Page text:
Texas readers may be aware of the use of K-9 dogs in the police department to help officers with searches and locating evidence at crime scenes. Not just anyone can handle these police dogs, and they require special training and treatment by certified handlers. When officers are done for the day, these dogs still have needs that must be met. A group of canine handlers from another state have filed a federal lawsuit against the county sheriff, his office and the county commission for overtime hours that they feel they deserve.
The department has four certified handlers, three of which are participating in the lawsuit. The plaintiffs allege that they were required to tend to the dogs when they were off duty. The dogs were kept at the houses of the plaintiffs, and the officers would care for the dogs by feeding, transporting, training, exercising and grooming them.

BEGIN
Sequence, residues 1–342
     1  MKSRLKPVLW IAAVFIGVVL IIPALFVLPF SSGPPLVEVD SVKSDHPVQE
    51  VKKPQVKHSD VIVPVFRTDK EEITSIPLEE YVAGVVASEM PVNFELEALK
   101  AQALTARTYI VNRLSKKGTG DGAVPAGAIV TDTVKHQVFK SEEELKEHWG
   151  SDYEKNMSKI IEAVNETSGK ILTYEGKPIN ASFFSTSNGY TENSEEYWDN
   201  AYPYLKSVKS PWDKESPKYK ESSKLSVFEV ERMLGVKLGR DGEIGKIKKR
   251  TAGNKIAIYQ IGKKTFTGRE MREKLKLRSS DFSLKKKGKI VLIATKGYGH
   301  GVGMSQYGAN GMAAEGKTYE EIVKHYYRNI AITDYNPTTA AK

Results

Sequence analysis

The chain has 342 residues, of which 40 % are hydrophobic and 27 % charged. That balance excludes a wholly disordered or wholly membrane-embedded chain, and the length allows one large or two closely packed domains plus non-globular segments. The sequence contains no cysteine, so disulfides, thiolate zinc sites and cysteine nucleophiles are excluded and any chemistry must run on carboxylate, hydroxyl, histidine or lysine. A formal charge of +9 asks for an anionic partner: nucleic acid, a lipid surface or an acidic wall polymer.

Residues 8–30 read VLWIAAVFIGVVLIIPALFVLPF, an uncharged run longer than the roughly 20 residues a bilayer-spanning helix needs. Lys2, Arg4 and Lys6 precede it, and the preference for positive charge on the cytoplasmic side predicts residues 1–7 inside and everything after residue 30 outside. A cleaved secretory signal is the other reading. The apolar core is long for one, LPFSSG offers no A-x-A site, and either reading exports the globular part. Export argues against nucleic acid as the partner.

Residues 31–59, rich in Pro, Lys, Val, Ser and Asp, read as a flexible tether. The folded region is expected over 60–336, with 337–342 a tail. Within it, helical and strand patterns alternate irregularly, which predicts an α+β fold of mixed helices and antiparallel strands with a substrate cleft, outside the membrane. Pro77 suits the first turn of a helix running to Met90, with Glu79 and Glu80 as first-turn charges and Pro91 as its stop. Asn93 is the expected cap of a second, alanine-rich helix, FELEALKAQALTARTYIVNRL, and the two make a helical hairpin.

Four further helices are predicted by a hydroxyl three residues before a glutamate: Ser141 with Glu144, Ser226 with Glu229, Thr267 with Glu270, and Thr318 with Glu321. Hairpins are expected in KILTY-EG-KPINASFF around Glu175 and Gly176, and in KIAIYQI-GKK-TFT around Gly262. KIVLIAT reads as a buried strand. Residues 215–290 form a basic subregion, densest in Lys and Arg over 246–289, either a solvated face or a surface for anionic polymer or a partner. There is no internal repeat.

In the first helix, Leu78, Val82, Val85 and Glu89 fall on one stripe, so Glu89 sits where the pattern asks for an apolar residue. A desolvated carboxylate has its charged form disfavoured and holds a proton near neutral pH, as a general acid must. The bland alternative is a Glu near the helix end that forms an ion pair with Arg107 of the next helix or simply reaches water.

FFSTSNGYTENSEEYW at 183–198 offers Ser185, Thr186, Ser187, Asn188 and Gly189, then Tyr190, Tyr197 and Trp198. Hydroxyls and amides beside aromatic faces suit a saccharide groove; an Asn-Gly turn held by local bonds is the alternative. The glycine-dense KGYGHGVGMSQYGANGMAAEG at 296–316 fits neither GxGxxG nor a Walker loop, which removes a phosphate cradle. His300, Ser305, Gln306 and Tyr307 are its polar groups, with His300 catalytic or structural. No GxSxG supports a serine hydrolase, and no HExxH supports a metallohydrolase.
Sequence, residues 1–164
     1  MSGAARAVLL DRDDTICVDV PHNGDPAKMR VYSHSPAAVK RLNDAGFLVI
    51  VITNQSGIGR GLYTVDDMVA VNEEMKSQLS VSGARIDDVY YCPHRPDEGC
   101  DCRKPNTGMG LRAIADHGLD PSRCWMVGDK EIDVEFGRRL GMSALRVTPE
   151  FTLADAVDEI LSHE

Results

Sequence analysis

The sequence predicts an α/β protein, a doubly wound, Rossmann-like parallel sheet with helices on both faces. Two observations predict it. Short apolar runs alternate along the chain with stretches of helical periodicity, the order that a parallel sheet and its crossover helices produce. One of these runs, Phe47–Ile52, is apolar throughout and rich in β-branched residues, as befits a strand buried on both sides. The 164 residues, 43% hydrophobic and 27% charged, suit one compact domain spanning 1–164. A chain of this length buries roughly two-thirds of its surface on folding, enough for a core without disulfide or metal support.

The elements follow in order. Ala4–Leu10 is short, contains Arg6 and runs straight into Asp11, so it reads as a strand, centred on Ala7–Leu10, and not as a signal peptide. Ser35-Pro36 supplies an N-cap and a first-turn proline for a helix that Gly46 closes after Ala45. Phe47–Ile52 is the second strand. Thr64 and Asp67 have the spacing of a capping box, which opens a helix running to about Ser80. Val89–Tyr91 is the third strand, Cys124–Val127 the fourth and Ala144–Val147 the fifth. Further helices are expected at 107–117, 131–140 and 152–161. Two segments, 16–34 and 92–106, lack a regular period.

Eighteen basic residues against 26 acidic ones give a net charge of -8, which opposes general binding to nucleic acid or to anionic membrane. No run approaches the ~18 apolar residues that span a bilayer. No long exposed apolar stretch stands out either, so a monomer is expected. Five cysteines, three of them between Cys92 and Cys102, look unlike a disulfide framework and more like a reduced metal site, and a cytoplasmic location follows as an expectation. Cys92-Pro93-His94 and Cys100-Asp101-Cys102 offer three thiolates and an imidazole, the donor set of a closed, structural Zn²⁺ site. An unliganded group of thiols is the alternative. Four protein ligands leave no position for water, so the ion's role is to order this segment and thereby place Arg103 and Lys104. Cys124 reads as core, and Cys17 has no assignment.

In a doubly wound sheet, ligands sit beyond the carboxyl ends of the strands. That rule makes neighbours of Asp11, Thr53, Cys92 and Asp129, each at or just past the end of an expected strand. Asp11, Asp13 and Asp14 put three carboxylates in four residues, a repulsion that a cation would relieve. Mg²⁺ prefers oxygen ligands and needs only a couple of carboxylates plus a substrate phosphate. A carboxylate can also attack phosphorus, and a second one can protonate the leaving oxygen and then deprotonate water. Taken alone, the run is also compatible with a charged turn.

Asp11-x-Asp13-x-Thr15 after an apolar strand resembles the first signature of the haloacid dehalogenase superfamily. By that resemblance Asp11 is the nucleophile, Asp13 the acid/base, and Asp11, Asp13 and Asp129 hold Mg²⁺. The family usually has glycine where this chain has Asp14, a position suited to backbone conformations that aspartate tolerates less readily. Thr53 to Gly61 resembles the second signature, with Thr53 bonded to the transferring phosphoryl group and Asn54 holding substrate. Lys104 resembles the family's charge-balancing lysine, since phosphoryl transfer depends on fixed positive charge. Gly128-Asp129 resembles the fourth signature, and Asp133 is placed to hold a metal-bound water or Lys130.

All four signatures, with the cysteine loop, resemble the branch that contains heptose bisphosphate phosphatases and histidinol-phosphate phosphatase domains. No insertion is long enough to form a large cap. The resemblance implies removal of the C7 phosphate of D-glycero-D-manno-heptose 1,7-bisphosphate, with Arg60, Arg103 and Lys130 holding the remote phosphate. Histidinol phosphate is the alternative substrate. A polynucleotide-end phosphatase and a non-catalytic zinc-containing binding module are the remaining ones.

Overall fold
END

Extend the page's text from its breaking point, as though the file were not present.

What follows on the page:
The plaintiffs allege that the duties they performed were necessary to taking care of the dogs, and they had no choice but to do them. They believe that this work should be compensated, and the overtime should be paid. These duties were performed when the plaintiffs were finished with work for the day, and they claim this equated to approximately four and a half hours of additional work per week.
The plaintiffs claim that their supervisor — the Sheriff– had quite a bit of control of the terms and conditions of their employment. The Sheriff contends that he is only abiding by the policies and procedures that were created by one of the plaintiff’s, who is a ranking official of the state Police Canine Association. The county avows that it was acting in good faith and disagrees that it has violated the Fair Labor Standards Act. Employees in Texas and elsewhere sacrifice their time when they work over 40 hours per week, and they expect to be compensated. If these overtime hours are not paid, the workers can consider seeking legal advice on the best course of action to reclaim what they believe is owed to them.
Source: herald-dispatch.com, “K-9 handlers sue boss, commission“, Curtis Johnson, Aug. 22, 2015